SIU researchers discover new COVID-19 variant


CARBONDALE, Ill. – A researcher at Southern Illinois University Carbondale has discovered a new variant of the COVID-19 virus.

Keith Gagnon, associate professor of chemistry and biochemistry at SIU, says his lab uncovered a variant that accounts for about half of the cases in the United States.

The variant, referred to as 20C-US, can be added to the growing list of mutations like those discovered in the United Kingdom and South Africa. It also may be more easily transmissible than other variants.

“It’s here. We found it,” Gagnon said in a press release. “It’s definitely home-grown and widespread, and we’re the first to characterize it.”

The team’s work traced the earliest appearance of the U.S. variant to Texas in May. Since then, Gagnon said the variant has acquired two new mutations.

“We predict that 20C-US may already be the most dominant variant of SARS-CoV-2 in the U.S.,” said Gagnon in an article on the discovery titled, “Emergence and Evolution of a Prevalent New SARS-CoV-2 Variant in the United States.”

Gagnon’s research looked at genomic surveillance of the virus as it works its way through a population. A press release from SIU says this type of research can lead to the early identification of new variants and help health authorities formulate appropriate responses.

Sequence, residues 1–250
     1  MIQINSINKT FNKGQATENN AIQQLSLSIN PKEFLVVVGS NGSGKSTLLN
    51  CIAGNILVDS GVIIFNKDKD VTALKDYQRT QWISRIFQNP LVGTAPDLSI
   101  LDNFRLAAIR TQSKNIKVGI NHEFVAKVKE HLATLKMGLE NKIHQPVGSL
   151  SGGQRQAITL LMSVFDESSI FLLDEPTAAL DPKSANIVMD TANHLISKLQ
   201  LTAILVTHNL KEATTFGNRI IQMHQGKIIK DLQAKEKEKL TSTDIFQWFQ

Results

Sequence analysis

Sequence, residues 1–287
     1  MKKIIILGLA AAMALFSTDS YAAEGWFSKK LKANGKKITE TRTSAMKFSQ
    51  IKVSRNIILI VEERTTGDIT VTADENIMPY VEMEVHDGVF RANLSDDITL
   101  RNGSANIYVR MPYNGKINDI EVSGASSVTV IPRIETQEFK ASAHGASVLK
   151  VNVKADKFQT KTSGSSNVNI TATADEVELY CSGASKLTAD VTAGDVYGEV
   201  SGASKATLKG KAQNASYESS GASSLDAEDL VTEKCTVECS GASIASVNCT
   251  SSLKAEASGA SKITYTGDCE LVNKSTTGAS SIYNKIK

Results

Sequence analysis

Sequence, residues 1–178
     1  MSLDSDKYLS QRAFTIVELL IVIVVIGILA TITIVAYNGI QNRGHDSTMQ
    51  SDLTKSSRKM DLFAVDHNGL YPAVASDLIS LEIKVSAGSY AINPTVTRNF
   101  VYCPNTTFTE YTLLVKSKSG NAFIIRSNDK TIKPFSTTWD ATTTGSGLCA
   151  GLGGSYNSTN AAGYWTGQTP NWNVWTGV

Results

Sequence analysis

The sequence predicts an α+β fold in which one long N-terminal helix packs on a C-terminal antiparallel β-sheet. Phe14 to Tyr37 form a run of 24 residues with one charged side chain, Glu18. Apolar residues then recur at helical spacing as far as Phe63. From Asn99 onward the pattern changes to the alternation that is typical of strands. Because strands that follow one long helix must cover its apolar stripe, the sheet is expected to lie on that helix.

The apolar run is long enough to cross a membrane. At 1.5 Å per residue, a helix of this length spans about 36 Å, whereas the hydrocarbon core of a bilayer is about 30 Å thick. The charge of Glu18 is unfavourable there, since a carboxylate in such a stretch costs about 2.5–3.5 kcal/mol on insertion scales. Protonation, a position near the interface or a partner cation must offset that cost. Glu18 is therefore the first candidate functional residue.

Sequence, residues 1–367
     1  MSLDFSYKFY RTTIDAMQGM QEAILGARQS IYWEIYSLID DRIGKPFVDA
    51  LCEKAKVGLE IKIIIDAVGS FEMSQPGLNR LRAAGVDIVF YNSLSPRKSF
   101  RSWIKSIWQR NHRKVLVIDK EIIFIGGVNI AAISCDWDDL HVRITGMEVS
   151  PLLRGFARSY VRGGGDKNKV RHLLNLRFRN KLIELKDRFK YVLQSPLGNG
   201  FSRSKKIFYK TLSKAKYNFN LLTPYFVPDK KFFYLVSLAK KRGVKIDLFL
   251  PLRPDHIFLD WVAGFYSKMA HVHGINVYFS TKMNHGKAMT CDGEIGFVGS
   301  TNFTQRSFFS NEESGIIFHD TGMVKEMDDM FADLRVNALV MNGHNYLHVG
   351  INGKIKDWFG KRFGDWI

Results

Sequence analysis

Gagnon explains that the rise of the U.S. variant coincides with the second and third waves of COVID-19 infections in the country and may point to it being more easily transmitted.

“There are hundreds of variants floating around, so for this one to rise to prominence suggests it might be more transmissible,” Gagnon said in a press release.

The team first noticed the possibility of a variant while looking at their own SARS-CoV-2 genome sequencing data from Illinois.

“The data kind of jumped off the page when we looked at it, so we then started looking at national data, and later worldwide genome sequence data,” Gagnon said.

The analysis revealed the U.S. variant was most prevalent in the Upper Midwest and had not spread significantly beyond the country’s borders.

“It coincidentally overlaps pretty well with the second and especially the third pandemic wave,” Gagnon said. “I think the real interest here is the fact that right under our noses, this variant has been growing and we didn’t even know it.”

While hundreds of variants evolve, Gagnon said most disappear.

The prevalence of “20C-US” suggests it’s more easily transmissible.

Still unknown are whether it poses a greater health risk or may be resistant to current vaccines.

Gagnon doubts that’s the case.

“Coronaviruses don’t mutate as quickly as say the seasonal flu, at least not right now,” Gagnon said. “Luckily, if the vaccine can roll out quickly and be effective, it should largely stamp out most of this. Could it stick around and have a low level of infection and cause problems long term? Those are good questions…by watching what mutations it acquires and how those affect its fitness, the transmission of COVID, or deaths, we can actually predict where things are going and hopefully predict what’s the right way to respond.”

With the first vaccines still being administered in the U.S., Gagnon said it was unclear how this variant might impact its effectiveness.

The finding points to a greater need for this type of lab work, Gagnon said. He called it “genome surveillance”, a better way of understanding and addressing the pandemic, rather than so heavily relying on case counts and death rates.

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